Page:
Dimensions: 69" (175.3cm) high
Condition: Extra Fine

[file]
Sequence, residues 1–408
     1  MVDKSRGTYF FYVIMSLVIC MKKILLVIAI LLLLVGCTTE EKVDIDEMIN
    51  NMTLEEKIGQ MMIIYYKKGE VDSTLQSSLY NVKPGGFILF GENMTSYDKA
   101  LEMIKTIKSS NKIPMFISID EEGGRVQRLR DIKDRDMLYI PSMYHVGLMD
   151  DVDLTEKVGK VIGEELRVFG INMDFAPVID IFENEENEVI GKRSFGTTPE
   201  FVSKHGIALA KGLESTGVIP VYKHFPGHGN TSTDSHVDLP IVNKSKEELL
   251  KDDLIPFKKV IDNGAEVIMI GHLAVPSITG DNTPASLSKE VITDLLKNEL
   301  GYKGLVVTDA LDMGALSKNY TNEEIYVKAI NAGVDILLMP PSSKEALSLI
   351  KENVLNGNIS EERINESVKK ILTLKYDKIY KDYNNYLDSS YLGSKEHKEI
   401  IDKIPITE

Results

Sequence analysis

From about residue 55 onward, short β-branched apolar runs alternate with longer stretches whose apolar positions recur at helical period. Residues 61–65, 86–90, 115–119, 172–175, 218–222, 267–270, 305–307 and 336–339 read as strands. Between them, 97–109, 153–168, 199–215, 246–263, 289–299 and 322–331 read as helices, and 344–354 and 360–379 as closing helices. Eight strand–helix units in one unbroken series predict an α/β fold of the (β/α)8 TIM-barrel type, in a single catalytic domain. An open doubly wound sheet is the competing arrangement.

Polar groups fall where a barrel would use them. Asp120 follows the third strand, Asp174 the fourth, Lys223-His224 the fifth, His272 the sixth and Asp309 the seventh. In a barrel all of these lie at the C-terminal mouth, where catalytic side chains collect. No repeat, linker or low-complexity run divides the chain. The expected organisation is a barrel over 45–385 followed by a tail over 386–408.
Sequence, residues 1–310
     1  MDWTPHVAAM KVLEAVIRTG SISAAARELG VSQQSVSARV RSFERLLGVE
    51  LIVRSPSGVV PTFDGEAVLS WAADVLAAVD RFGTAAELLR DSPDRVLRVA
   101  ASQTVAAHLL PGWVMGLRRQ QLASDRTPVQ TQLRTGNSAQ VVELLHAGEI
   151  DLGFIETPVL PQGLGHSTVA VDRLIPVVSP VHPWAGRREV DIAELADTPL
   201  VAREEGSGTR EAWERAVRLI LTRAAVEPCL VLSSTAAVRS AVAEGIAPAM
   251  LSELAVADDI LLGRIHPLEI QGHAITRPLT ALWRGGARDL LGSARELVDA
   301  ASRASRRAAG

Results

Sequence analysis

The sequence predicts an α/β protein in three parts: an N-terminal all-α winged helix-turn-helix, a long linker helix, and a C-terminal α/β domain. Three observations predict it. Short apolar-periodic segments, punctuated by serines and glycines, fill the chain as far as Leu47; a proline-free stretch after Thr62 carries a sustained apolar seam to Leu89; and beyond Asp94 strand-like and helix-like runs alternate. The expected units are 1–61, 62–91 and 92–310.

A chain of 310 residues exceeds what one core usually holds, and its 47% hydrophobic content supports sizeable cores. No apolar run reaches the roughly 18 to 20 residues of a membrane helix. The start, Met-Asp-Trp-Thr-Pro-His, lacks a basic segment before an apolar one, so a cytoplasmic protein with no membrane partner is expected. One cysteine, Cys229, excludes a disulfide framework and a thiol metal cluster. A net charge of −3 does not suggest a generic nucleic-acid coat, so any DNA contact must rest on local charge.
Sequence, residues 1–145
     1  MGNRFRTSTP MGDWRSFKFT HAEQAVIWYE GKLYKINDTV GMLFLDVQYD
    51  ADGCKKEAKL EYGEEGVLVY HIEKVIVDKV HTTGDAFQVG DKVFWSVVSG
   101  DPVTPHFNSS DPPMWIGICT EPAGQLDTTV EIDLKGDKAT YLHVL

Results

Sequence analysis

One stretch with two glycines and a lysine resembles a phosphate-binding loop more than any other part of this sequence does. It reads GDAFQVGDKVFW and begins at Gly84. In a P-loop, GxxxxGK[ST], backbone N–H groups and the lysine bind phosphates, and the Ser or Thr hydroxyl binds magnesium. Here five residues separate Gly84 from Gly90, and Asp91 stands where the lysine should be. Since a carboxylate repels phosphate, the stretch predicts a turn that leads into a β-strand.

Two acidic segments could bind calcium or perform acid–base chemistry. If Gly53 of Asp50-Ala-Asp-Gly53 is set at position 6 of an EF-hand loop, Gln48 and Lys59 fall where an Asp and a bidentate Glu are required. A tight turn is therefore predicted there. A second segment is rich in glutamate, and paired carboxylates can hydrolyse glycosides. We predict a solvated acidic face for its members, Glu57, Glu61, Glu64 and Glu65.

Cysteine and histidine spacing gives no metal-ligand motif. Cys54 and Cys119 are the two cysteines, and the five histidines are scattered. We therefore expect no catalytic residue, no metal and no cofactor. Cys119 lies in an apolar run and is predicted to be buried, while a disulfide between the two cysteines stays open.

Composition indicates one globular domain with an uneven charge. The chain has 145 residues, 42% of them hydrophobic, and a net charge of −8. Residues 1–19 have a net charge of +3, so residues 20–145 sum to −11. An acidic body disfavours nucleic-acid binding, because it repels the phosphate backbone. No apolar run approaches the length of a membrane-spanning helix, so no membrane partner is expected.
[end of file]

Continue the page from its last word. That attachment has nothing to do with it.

The funerary rites and rituals of Egypt are among the most elaborate and celebrated burial traditions in the ancient world. The foremost concern was the preservation of the body, in order that it might be reborn in the afterlife. As mummification techniques became more and more advanced over time, so did the coffins become more and more elaborate. During the Middle Kingdom, mummy masks were made from plastered linen and became increasingly larger until they covered the entire upper body. Eventually, wooden mummy cases covering the entire body became the standard. These cases were created from a variety of materials, including stone, wood, and cartonnage, that were utilized depending upon the wealth and status of the deceased. Some of the earliest examples were relatively unadorned, featuring the general shape of the body highlighted by idealized facial details. Later, they evolved into ornate memorials that sought to recreate the specific appearance of the memorialized individual, both in terms of physical features as well as clothing and jewelry. Polychrome paint infused the works with color and the finest examples were gilt.